By Andrea Domanick
In honor of last weekend’s Michael Jordan Celebrity Invitational at Shadow Creek Golf Course, R&B superstar Ne-Yo paid a visit to his hometown of Las Vegas to treat Jordan and his guests to a private performance Friday night.
The singer is busy putting the finishing touches on his upcoming release, “The R.E.D. Album,” in Los Angeles, so he wasn’t able to stick around to hit the putting green. But maybe that was for the better.
“My golf game is … let’s just say it’s not my forte,” Ne-Yo joked while lounging in a suite at Aria before the show. “It’s a little too slow for me.”
Despite his hectic life -- which includes a new A&R gig with Motown Records and designing a hat line for Saks Fifth Avenue, among other things -- Ne-Yo says it was important for him to make time to attend the MJCI, which benefits numerous charitable organizations.
“Well, no one says no to Michael Jordan!” he says, laughing. “But more than that, Michael’s charities deal heavily with children in need, which is exactly what we do at the Compound Foundation.” Ne-Yo is speaking of his own charity, which helps prepare youths exiting the foster care system for life on their own. “The event is very much in line with my own ideals, and I wanted to help shed more light on that cause.”
These days, such quick stops in Las Vegas are run-of-the-mill for Ne-Yo. His visits in recent years have been largely business-oriented, so he doesn’t have much time to go out on the town. The singer says he spends most of his time in his hotel or near the venue he’s performing at -- but does admit to being an avid craps player.
“If not on a stage somewhere or doing an interview, you might find me at a craps table,” he says. But he’s quick to note that he’s a “smart craps player,” thanks to having grown up here. “I take a specific amount of money out, and once that’s gone, I’m gone. I’m not going back to the ATM. I’m from here, I know you are not supposed to win. So if you do happen to get over, get out!”
Ne-Yo also credits his Las Vegas roots for helping him become the style icon he’s known as today. He cites the Rat Pack and Wayne Newton as major influences, and his hat line, Francis Ellargo, even features a style called “The Sammy.”
“Those guys, the classics, they didn’t dress up because they had to. They dressed up for the sake of dressing up, and that’s what I believe in, too,” he says, adding that Kanye West and Tom Ford are some of his contemporary influences.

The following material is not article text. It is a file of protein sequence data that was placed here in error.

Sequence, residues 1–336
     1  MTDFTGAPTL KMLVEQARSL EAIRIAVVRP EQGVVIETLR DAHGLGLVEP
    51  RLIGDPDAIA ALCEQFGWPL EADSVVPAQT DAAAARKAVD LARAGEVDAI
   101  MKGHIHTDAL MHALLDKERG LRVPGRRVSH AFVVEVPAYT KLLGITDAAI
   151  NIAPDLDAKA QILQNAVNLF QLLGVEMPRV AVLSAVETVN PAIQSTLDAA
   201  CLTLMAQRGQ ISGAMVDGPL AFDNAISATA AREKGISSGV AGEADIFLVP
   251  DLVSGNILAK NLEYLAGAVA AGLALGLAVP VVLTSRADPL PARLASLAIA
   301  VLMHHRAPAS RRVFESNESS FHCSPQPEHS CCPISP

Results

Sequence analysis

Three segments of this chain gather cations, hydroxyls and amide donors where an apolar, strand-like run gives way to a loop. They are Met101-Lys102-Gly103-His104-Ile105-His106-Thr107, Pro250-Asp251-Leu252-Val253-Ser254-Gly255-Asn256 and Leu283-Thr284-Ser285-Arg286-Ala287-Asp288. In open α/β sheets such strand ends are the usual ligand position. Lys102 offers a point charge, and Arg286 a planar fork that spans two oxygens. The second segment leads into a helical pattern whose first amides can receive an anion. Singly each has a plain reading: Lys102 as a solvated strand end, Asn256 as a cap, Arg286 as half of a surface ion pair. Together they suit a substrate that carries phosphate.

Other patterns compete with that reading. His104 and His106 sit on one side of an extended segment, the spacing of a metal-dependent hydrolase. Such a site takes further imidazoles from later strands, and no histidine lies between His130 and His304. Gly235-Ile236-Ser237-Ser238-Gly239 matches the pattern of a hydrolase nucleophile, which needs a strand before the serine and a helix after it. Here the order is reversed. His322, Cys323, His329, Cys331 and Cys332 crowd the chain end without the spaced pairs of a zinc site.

Ne-Yo adores Old Vegas -- he grew up listening to the Frank Sinatra and Sammy Davis Jr. records his mom brought home from the casinos where she worked -- but marvels at the changes it has undergone since he left.
“The Strip looks completely different from when I lived here. Even my high school looks completely different. But it’s not surprising,” he says. “It’s a beautiful thing, I think the Strip looks great. I especially like that they’re trying to make bits and pieces of it more family-oriented because that helps bring more people here.”
As for his music, Ne-Yo says fans can expect “The R.E.D. Album” (due out in June) to be a record that’s deeply personal and celebratory. “R.E.D.,” which stands for “Realizing Every Dream,” will be largely focused on R&B, with a few dance numbers thrown in the mix. The singer says it will be a more uplifting record than its initial title and concept, “Cracks in Mr. Perfect.”
“ 'Cracks in Mr. Perfect’ was going to be a very honest album, putting a spotlight on the parts of me that are more human than this picture that I’ve painted for the world to see. And that’s not to say I’ve strayed away from that. But I realized imperfection is what creates my perfection,” he says.
“I decided to go with ‘R.E.D.’ because when I step out of my situation and look at it, I’ve accomplished almost every goal I’ve set for myself from age 12 till now. But I stay so busy, I have a tendency to not realize the great things that are happening to me,” he says, adding that the birth of his children forced him to slow down and take inventory, as well as give himself “a pat on the back” for what he’s accomplished.
You can expect to see Ne-Yo in Las Vegas again when he makes his rounds promoting the album; in fact, he says he plans to “hand deliver” a copy to the DJs at KLUC. But if you don’t find him there, he says, you can always try the craps tables.